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The Translator- Centered Multidisciplinary Construction

Douglas Robinson’s Translation Theories Explored

Lin Zhu

This book embraces the epistemological and methodological issues of theoretical construction in the field of Translation Studies from a historical and global perspective. The theoretical stances are explained in detail through a systemic inquiry into the constructive aspects of theoretical innovation of the American translation theorist Douglas Robinson. In order to renew and promote theoretical thinking in the field of Translation Studies, this book aims to reflect on existing theoretical problems in translation, trace the translation theorist’s innovative and constructive ways of thinking about translation theory, and explore productive philosophical and theoretical resources of translation studies. This book will not only be helpful to a further and full understanding of Robinson’s thoughts on translation, but also offers a rethinking of how to advance Translation Studies epistemologically and methodologically.


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Foreword by Douglas Robinson 17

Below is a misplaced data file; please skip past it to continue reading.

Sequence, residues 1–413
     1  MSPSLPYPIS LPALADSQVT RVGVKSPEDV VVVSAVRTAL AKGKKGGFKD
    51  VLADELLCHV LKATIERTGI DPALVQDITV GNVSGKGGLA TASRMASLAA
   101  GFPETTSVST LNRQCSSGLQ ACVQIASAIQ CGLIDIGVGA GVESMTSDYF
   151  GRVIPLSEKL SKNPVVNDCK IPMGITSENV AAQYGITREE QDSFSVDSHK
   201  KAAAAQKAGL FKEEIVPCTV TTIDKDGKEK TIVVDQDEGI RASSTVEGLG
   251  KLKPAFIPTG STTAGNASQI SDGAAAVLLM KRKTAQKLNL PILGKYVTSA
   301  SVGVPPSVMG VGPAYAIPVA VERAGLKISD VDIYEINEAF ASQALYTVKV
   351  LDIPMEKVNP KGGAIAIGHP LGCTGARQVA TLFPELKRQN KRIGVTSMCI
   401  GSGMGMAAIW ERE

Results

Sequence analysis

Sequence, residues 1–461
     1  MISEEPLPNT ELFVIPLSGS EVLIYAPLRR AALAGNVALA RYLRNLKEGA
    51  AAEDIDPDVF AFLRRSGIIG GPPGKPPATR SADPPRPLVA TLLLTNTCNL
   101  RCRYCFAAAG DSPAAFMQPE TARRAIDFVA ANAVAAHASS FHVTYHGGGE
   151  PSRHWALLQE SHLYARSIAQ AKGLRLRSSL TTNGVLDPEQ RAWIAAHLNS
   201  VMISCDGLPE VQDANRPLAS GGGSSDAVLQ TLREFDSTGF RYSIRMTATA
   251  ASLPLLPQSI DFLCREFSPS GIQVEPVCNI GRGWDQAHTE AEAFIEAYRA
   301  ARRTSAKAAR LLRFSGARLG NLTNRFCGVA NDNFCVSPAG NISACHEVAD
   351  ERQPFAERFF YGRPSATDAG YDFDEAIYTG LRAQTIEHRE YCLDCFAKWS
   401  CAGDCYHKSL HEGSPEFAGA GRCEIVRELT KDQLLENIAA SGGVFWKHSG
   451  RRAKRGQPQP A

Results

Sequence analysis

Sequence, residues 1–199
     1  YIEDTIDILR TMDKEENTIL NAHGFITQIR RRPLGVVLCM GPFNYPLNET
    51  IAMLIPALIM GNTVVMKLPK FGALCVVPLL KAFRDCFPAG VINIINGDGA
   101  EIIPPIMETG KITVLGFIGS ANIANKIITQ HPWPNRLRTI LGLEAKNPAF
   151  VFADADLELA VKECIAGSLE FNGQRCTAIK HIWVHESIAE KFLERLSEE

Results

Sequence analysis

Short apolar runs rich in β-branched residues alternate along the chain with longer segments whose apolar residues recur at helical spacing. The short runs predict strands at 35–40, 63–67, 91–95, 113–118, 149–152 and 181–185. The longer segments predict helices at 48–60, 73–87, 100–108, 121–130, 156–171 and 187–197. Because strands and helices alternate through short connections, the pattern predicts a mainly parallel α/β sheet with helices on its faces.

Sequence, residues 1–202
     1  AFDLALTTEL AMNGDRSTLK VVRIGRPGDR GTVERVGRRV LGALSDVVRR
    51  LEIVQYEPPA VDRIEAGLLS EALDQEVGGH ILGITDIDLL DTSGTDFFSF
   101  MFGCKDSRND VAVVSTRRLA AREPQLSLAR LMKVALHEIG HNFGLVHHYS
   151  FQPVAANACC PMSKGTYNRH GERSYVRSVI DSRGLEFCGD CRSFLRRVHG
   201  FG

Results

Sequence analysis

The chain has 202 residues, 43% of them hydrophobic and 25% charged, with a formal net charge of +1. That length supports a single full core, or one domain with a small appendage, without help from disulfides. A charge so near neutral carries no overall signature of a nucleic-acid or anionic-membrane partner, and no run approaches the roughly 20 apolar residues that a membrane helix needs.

17 Foreword by Douglas Robinson The overlapping worlds of translation and translation studies are not, of course, necessarily global – it’s entirely possible to live in a bilingual city like Montreal, say, and do and/or study translation between English and French with an entirely local focus – but there is, as Aristotle might say, an entelechy to both translation and translation studies that is be- coming-global. The mediatory spaces or trajectories that translators and interpreters inhabit and ply tend to make the borders and boundaries between locales permeable but to expand those permeable membranes or interfaces into interlocales, intercultures, that are themselves in- cipiently global(izing). And yet, even caught up as we translators and translation scholars tend to be in the swirling becoming-globality of our professional inter- locales and intercultures, we often find – at least I do – that the localness of our locales is phenomenologically powerful. There is a naturalizing normativity to locality. It is normal to be local, abnormal to be interlocal, or intercultural, or global. We may be plugged into global networks through the Internet, email, and apps on our smart phones and tablets, but when we buy groceries we have to remind ourselves that the food we’re shopping for has often been internationally produced and distrib- uted. The people in grocery stores, and most other stores we shop in, and in banks, and post offices, and restaurants, and so on, may have their own international connections, through the Internet, email, and smartphones; but while we interact with them,...

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